European Union agrees on terms for membership negotiations with Turkey

By Justus Leicht
23 December 2004

On December 17, the leaders of the governments and states of the European Union agreed on terms for negotiations with Turkey to begin in October 2005 aimed at full EU membership for the country.

The final decision, which was violently disputed up to the last minute, will firmly anchor Turkey in the camp of American and European imperialism and transform the country into a bridgehead for economic and military control in the Middle East, the Caucasus and central Asia. To this extent, the interests of American and European governments coincide. But at the same time, under the surface, an embittered conflict is brewing over the future role of Turkey as a bastion for the control of oil, gas and water in the region—i.e., whether it is to strengthen American influence at the expense of Europe or Europe at the expense of the US.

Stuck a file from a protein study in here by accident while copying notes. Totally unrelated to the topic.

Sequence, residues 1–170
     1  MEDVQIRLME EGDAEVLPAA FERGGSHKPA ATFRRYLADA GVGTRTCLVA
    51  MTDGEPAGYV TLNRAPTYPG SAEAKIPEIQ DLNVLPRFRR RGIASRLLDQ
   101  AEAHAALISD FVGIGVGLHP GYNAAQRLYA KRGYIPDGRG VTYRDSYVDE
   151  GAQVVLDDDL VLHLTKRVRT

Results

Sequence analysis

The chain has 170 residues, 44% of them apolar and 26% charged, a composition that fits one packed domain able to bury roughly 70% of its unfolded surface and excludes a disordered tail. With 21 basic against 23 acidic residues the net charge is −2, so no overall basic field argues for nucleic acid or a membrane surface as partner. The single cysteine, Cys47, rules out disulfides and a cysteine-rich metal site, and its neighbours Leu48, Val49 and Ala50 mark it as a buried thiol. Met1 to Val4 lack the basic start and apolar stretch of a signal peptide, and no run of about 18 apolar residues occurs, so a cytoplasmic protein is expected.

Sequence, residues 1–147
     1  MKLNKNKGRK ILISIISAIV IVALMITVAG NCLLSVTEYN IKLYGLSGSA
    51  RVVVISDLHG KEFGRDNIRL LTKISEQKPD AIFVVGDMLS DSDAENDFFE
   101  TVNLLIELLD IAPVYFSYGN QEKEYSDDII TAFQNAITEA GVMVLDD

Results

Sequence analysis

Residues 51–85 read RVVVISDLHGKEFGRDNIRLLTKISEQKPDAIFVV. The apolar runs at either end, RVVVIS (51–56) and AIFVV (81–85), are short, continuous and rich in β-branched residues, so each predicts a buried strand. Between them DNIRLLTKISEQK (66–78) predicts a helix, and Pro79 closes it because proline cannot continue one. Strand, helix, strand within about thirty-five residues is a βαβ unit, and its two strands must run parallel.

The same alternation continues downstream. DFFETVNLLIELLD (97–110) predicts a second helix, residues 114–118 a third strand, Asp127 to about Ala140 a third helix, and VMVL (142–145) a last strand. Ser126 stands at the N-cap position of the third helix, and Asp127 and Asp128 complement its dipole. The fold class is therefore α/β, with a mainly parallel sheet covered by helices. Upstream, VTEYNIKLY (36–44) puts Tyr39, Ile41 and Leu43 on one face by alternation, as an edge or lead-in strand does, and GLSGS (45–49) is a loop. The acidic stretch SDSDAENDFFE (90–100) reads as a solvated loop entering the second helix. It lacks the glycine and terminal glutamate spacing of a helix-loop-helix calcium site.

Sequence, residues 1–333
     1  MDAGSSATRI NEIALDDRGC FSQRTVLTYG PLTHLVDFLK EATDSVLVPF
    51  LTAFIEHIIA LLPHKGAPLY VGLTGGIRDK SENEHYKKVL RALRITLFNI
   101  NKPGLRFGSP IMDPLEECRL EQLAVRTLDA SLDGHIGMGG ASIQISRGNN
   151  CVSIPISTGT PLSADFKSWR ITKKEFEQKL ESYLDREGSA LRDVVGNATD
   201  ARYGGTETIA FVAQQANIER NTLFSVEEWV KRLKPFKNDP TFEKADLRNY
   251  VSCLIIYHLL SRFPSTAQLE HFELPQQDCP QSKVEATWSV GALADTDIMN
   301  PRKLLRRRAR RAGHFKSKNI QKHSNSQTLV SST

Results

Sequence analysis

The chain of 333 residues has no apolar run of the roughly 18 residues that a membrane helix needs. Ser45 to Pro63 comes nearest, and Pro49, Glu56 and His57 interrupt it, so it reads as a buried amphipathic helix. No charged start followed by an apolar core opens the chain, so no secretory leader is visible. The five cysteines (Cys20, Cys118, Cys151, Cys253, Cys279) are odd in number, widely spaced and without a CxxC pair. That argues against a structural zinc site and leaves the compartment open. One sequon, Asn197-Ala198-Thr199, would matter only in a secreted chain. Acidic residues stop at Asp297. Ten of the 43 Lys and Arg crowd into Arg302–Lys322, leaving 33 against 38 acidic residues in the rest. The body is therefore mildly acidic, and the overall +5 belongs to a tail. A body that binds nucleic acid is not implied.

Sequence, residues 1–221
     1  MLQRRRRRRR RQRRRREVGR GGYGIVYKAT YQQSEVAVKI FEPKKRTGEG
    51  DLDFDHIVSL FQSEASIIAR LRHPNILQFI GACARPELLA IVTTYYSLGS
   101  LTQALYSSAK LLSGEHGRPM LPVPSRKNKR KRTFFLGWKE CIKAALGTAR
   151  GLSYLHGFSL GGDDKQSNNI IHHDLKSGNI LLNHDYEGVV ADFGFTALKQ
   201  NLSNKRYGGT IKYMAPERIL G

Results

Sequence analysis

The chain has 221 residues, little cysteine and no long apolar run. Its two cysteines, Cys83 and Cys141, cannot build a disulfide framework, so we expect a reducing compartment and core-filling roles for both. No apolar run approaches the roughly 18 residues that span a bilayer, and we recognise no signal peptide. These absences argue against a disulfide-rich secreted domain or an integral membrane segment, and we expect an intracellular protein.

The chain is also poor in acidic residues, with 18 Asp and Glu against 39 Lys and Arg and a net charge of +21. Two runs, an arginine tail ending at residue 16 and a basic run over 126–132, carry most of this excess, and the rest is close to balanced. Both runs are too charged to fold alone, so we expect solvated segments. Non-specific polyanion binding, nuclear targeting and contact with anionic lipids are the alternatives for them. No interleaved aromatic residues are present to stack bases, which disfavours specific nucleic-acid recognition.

The proponents of Turkish admittance to the EU made no secret of the economic and strategic goals at stake. Last Wednesday, the French President Jacques Chirac explained on TF1 news that it is “in our interest that Turkey turns to Europe and not Asia.” Otherwise, the danger arises “of the risk of instability and uncertainty at our borders.”

These economic and strategic goals are shared by the opponents of full EU membership for Turkey. For a number of different reasons, however, they argue that Turkish membership would weaken the European Union.

The historian Heinrich August Winkler, for example, accused the German Minister of Foreign Affairs Joschka Fischer of confusing “size and strength” when the latter declared, “Europe still does not have the correct order of magnitude, it must assimilate Turkey, in order to keep pace in terms of geographical expansion with America, Russia, China and India.” Winkler responded, “If Europe wants to play a role in the world, then it must be able to speak with one voice. That presumes a certain degree of unity and common-mindedness. A Europe which extends to the Euphrates could no longer fall back on such resources.”